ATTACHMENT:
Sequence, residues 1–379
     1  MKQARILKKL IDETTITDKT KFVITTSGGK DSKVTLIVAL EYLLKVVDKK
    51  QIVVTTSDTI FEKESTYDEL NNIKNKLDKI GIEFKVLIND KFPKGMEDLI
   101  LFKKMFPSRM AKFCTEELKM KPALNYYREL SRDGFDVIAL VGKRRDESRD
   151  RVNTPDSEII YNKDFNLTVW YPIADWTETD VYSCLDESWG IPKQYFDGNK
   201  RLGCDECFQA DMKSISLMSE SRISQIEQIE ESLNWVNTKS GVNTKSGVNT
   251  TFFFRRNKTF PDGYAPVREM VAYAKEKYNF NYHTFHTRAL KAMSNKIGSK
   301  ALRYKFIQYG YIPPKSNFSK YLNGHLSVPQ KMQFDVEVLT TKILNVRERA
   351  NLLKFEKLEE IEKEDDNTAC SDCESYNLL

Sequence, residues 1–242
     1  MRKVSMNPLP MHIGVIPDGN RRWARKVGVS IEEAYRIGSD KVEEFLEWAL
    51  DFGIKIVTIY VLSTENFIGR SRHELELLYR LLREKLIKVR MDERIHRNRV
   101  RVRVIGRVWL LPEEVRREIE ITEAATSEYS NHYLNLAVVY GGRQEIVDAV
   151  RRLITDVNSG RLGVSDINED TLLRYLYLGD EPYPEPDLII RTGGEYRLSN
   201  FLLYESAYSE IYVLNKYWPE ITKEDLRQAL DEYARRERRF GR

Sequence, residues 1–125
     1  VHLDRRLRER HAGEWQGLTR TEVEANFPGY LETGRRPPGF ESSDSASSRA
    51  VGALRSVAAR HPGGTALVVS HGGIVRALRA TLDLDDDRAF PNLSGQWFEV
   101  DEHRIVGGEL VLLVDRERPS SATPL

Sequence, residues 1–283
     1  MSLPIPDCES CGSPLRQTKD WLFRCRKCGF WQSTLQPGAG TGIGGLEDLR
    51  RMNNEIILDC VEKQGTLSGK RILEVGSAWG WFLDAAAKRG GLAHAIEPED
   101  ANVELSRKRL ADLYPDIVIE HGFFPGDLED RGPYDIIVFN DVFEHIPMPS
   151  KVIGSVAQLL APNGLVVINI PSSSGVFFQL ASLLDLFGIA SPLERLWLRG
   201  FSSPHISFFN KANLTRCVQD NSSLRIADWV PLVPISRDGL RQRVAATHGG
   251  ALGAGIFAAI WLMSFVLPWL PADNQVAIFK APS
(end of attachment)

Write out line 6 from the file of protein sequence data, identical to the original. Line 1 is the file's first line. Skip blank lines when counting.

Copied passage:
   201  RLGCDECFQA DMKSISLMSE SRISQIEQIE ESLNWVNTKS GVNTKSGVNT